Frostbite Treatment

Learn further information about frostbite, including treatments and prevention.

Frostbite occurs when skin tissue and blood vessels are damaged from exposure to temperatures below 32 degrees Fahrenheit. It most commonly affects the toes, fingers, earlobes, chin, cheeks and nose, body parts which are often left uncovered in cold temperatures. Frostbite can occur gradually or rapidly. The speed with which the process progresses depends upon how cold or windy the temperature conditions are and the duration of exposure to those conditions.

Frostbite has three stages of progression:

Frostnip- In this stage, the individual experiences a pins and needles sensation with the skin turning very white and soft. No blistering occurs. This stage produces no permanent damage and may be reversed by soaking in warm water or breathing warm breath on the affected area.

Superficial Frostbite- In this stage, blistering may occur. The skin feels numb, waxy and frozen. Ice crystals form in the skin cells and the rest of the skin remains flexible.

Deep Frostbite- This is the most serious stage of frostbite. In this stage, blood vessels, muscles, tendons, nerves and bone may be frozen. This stage can lead to permanent damage, blood clots and gangrene, in severe cases. No feeling is experienced in the affected area and there is usually no blistering. Serious infection and loss of limbs frequently occurs after frostbite reaches this stage. However, even with deep frostbite, some frozen limbs may be saved if medical attention is obtained as soon as possible.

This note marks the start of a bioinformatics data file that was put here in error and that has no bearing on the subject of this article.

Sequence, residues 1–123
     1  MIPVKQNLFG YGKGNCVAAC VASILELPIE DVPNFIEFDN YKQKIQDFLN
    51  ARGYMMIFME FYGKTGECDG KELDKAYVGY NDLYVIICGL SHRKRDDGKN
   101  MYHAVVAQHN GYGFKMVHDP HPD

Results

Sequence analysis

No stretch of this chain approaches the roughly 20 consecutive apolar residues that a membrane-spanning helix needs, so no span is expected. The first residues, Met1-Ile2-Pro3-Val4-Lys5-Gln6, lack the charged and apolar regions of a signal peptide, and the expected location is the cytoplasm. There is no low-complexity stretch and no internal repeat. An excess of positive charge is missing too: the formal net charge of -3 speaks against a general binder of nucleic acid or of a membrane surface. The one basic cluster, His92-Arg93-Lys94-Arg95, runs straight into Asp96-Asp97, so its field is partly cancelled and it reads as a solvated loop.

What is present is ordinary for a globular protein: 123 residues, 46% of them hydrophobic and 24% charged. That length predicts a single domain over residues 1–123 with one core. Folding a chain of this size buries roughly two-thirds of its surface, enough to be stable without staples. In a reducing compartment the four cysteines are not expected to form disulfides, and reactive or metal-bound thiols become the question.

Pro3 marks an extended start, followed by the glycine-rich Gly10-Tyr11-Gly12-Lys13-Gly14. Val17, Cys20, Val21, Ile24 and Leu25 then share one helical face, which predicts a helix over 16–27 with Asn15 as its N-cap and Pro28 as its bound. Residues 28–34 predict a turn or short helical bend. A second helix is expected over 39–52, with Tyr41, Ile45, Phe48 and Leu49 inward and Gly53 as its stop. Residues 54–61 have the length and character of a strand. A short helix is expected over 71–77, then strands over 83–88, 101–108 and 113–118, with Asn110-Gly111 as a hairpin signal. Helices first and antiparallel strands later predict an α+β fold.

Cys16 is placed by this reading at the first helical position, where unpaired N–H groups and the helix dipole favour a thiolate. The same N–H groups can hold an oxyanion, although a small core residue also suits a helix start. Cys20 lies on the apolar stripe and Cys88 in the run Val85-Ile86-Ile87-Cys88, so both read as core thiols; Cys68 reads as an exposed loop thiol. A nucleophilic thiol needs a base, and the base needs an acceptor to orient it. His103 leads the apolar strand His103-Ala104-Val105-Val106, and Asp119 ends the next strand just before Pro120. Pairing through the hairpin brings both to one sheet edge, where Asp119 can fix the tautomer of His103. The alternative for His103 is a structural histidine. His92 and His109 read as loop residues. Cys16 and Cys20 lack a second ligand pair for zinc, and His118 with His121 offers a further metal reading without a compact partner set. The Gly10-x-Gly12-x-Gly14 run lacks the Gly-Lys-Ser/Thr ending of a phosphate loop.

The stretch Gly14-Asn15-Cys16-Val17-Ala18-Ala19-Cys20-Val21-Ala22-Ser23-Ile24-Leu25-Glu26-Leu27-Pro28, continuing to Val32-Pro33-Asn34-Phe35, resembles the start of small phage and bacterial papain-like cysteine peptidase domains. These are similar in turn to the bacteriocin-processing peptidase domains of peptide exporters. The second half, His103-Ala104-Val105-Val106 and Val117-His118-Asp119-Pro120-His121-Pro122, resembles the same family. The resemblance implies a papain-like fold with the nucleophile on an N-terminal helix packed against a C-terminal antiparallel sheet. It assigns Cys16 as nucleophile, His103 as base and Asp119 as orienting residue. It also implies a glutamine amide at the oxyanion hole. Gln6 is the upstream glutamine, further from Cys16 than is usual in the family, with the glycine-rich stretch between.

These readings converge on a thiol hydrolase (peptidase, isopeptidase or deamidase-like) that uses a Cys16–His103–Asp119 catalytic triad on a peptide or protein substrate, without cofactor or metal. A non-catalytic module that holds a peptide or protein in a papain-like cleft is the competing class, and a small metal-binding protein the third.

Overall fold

Frostbite risk can be reduced by practicing the following:

* Wear several layers of clothing when in extremely cold conditions since the air pockets between the layers will help to retain warmth.

* Limit the use of alcohol and smoking tobacco. Alcohol causes the blood to cool quickly and tobacco inhibits circulation to extremities.

* Avoid going outdoors during extremely cold weather.

* When outside, shield the face and other body parts from the cold wind and temperatures by wearing protective clothing, scarves, earmuffs, gloves, etc.

* Wear waterproof skin moisturizer on exposed areas.

* Do not spend extended periods in extreme temperatures when exhausted, intoxicated, wet or under the influence of certain drugs.

If, after being in extremely cold conditions, any of the following are experienced, seek emergency care.

* skin swelling

* loss of limb function and absence of pain

* drastic skin color changes

* blisters

* slurred speech

* memory loss

If the patient cannot be transported to a hospital immediately, the following re-warming techniques may help until reaching an emergency facility.

--Bring patient indoors as soon as possible.

--Apply warm towels or immerse the area in circulating lukewarm water for twenty minutes. Hot water should not be used and the area should not be rubbed in any way. If blisters are present, leave them intact.

--Do not hold the affected area near fire since the area may be burned due to the reduced feeling in the area.

--Offer the patient warm coffee or tea, if alert, but never alcohol.

--Keep the affected area raised.

After re-warming, a superficial frostbite will redden and become painful as circulation resumes in the area. Blisters are likely to form within 24 hours.

A deep frostbite injury will remain hard, cool to the touch and may turn blue. Blisters may form and the area can turn black. Skin surrounding the affected area may become swollen and remain swollen for over a month. If gangrene develops, amputation may become necessary.

While a frostbite injury is healing, do the following:

---Avoid infection by leaving any blisters intact.

---Watch for signs of infection such as redness, swelling, fever, oozing pus, and red streaks on skin.

---Take all prescribed medications.

---Do not expose the affected area to cold temperatures until cleared to do so by a physician.

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